NBCNEWS.COM - The first meteor shower of 2013 will kick off the year's night
sky events this week, giving stargazers a chance to ring in the New Year
with a celestial fireworks display.
The Quadrantid meteor shower is an annual meteor shower every January. While this year's "shooting star" show is not expected to outshine some of the more spectacular meteor showers of 2012, it may give stargazers with clear, dark skies a great start to the New Year.
"Those who brave the cold might see up to 40 meteors per hour,
although moonlight will make faint meteors harder to spot," officials
with the Hubble Space Telescope explained in a January skywatching video
The waning gibbous moon will be out in full force during the shower's
peak, but skywatchers in dark areas of the Northern Hemisphere during
the wee hours of Thursday morning might still get a decent show.
Scientists suspect that the meteors of the Quadrantids are debris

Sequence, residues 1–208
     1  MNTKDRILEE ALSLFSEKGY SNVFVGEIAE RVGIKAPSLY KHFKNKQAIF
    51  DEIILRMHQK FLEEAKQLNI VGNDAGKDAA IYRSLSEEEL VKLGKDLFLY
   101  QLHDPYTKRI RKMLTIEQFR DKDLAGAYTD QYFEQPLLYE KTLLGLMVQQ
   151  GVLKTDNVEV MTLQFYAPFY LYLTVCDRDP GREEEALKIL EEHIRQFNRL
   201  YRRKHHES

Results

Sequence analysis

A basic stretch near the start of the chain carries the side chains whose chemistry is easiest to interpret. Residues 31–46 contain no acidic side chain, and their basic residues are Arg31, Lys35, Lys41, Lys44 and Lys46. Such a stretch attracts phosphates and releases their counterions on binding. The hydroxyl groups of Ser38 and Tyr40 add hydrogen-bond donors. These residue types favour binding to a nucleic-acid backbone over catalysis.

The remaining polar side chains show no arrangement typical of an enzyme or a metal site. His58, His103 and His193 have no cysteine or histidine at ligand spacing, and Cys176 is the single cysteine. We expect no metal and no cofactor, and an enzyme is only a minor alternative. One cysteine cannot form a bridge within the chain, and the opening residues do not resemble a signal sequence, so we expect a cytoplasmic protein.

from the asteroid 2003 EH1 — the same source of the Geminid meteor
shower every December. The asteroid itself may be a chunk from a
shattered comet that broke into pieces several hundred years ago, NASA
officials said in a statement.
The Quadrantid meteor shower occurs when the Earth passes through a
stream of debris from the comet. The fragments slam into the atmosphere
at 90,000 mph (144,841 kph) and burn up 50 miles (80.5 km) above the
planet in a dazzling display.
The meteor shower is named for the outdated Quadrans constellation,
which is no longer recognized by astronomers, NASA officials said.
"Located between the constellations Bootes and Draco, Quadrans
represents an early astronomical instrument used to observe and plot
stars," they added.
However, the constellation was still relevant in 1825, when the meteor shower was first documented by astronomers.
Just in case you aren't interested in braving the cold, NASA is
streaming the shower for free online from Jan. 2 to Jan. 4. NASA's
Marshall Space Flight Center in Huntsville, Ala., has a light-activated
camera pointed to the sky to record and live-stream the meteor shower
during its peak.
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